There are small communities that are becoming established now and each of them deal with the gender inequality differently. Women in Nowhere have hives, where one woman has a group of men. The Lion keeps a harem of women and rules by fear and power, but there are also catamites (castrated boys) for his men's use. (Girls are being cut too, so genital mutilation is an occurrence now.) There are several other settlements introduced here that have their societies set up differently.

The big, overriding theme in The Book of Etta is the question/complication of gender identity, inequality, and the firm roles in place for various communities. Etta identifies as Eddy and is transgender but is not allowed to be Eddy in Nowhere, where women are either midwives or mothers with a hive, while other communities have different rules in place for their men and women. Each different community Eddy visits is like a different, weird societal cult where there are specific roles assigned based on gender. Eddy doesn't have a place.

I was eager and excited to read the second book in the planned trilogy because I loved The Book of the Unnamed Midwife so much. The writing is still very good. I wasn't as captivated by this second installment, however. It could be the second-book-in-a-series syndrome since it is obviously a bridge to the final installment. Although it is still brutal and gritty, the focus and anxiety over gender questions among several characters is almost overwrought, taking up more pages of anxiety than would seem necessary in this changed world.  It will be interesting to see where Elison is taking this series.

Disclosure: My review copy was courtesy of 47North.

Things We Lost in the Fire

Things We Lost in the Fire by Mariana Enriquez
Hogarth: 2/21/17
eBook review copy; 208 pages
ISBN-13: 9780451495112

Things We Lost in the Fire by Mariana Enriquez is a highly recommended collection of 12 ominous and dark short stories set in contemporary Argentina.
These stories capture the superstitions, instability, violence, and strangeness that can pervade everyday life in Argentina and turns this into more ominous stories. It will be surprising when you start the first story and see it morph into something completely different, setting the tone for the whole collection. Peculiarities and aberrations abound among the settings of these stories. Some will shock, some will horrify, and some will leave you looking around wondering what is really lurking nearby in your neighborhood.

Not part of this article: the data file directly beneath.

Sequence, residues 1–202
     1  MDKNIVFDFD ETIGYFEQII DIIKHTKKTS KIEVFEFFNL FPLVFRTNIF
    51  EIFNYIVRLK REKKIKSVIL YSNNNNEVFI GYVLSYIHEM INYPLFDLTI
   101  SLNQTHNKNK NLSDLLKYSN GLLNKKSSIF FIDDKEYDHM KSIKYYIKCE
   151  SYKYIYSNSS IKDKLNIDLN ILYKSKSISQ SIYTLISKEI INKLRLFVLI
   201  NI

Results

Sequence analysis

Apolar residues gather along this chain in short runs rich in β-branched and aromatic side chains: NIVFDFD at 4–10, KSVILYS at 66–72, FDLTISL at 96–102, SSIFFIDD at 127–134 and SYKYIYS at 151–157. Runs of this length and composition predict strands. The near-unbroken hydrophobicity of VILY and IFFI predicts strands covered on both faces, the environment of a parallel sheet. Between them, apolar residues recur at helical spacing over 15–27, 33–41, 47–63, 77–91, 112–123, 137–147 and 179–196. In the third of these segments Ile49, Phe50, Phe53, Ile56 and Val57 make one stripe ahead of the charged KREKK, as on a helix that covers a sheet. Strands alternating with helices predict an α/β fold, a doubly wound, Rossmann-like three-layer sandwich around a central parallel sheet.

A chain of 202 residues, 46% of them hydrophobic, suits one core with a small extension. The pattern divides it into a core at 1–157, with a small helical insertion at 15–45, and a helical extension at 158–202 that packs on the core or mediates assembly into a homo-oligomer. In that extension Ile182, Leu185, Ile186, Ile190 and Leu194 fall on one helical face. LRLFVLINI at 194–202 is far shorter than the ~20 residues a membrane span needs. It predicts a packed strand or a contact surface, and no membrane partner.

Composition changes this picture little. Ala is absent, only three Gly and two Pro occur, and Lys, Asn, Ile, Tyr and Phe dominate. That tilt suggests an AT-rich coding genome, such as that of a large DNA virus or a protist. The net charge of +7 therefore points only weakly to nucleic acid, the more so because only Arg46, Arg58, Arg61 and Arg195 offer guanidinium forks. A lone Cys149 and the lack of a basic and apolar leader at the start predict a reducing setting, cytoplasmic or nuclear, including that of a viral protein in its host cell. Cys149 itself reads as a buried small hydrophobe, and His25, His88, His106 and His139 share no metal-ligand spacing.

The stories include:
The Dirty Kid: A woman becomes obsessed with a homeless pregnant woman and her son who live by an abandoned building across the street.
The Inn: A haunted tourist hotel was built on a former police barracks.
The Intoxicated Years: An account of the increasing drug use of five friends. 
Adela’s House: An abandoned house may be more than it seems.
An Invocation of the Big-Eared Runt: A tour guide for Buenos Aires murder sites resents the attention his wife shows their newborn. 
Spiderweb: A broken down car helps a disintegrating marriage to crumble.
End of Term: A girl is self-mutilating.
No Flesh over Our Bones: An anorexic woman finds a human skull in the street and attaches human qualities to it.
The Neighbor’s Courtyard: a woman is sure a neighbor has chained up a young boy.
Under the Black Water: A polluted river may hold more than it seems.
Green Red Orange: A man secludes himself in his room, seeing no one in person.
Things We Lost in the Fire: Women are self-immolating in protest of domestic violence.

The stories are all well written, although, naturally, I did enjoy some more than others. They manage to capture life in Argentina and the belief among the citizens, as well as the violence, crime, gangs, etc., especially against women. The stories are open-ended, with no real explanation or conclusion, leaving you to wonder what will happen next. This is a wonderful collection.

Disclosure: My review copy was courtesy of Hogarth.

All That's Left to Tell

All That's Left to Tell by Daniel Lowe
Flatiron Books: 2/14/17
eBook review copy; 304 pages
ISBN-13: 9781250085559

All That's Left to Tell by Daniel Lowe is a novel about telling stories set in a disturbing framework.

American Marc Laurent is a midlevel Pepsi executive who is taken hostage in Pakistan. Every night his hands are tied behind his back and he is blindfolded when a woman who tells him to call her Josephine visits the room where he is kept. She wants to know who will pay a ransom for his release. When it becomes clear that Marc is estranged from everyone he knows in the USA, she begins to demand that he tell her stories about his life, focusing on his daughter Claire, who at age 19 was murdered a month ago and Marc did not return to the USA for her funeral.

As Marc slowly reveals stories from his past, Josephine weaves tales about a future Claire at 34 years old. This Claire survived the attack, is married and has a daughter. She is traveling to Michigan to see her estranged father who is dying. On the way Claire picks up a hitchhiker named Genevieve, who makes up stories for Claire about Marc’s life after he divorced her mother.